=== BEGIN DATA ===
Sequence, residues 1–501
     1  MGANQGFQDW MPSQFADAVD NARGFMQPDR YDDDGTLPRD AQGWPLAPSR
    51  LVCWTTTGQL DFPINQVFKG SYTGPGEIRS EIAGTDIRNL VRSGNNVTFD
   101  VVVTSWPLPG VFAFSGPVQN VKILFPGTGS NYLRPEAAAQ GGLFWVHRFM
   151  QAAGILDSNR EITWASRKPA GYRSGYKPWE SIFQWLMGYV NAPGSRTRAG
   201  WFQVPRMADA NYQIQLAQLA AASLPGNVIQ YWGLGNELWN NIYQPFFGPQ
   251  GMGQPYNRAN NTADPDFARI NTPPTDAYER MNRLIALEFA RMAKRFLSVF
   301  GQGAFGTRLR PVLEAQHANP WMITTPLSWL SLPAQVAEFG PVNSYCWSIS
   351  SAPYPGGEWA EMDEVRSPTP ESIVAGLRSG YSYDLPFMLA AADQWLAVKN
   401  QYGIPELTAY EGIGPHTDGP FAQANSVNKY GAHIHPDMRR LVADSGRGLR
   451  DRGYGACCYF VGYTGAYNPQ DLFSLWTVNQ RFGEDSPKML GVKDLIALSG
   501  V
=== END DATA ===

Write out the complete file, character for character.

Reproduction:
Sequence, residues 1–501
     1  MGANQGFQDW MPSQFADAVD NARGFMQPDR YDDDGTLPRD AQGWPLAPSR
    51  LVCWTTTGQL DFPINQVFKG SYTGPGEIRS EIAGTDIRNL VRSGNNVTFD
   101  VVVTSWPLPG VFAFSGPVQN VKILFPGTGS NYLRPEAAAQ GGLFWVHRFM
   151  QAAGILDSNR EITWASRKPA GYRSGYKPWE SIFQWLMGYV NAPGSRTRAG
   201  WFQVPRMADA NYQIQLAQLA AASLPGNVIQ YWGLGNELWN NIYQPFFGPQ
   251  GMGQPYNRAN NTADPDFARI NTPPTDAYER MNRLIALEFA RMAKRFLSVF
   301  GQGAFGTRLR PVLEAQHANP WMITTPLSWL SLPAQVAEFG PVNSYCWSIS
   351  SAPYPGGEWA EMDEVRSPTP ESIVAGLRSG YSYDLPFMLA AADQWLAVKN
   401  QYGIPELTAY EGIGPHTDGP FAQANSVNKY GAHIHPDMRR LVADSGRGLR
   451  DRGYGACCYF VGYTGAYNPQ DLFSLWTVNQ RFGEDSPKML GVKDLIALSG
   501  V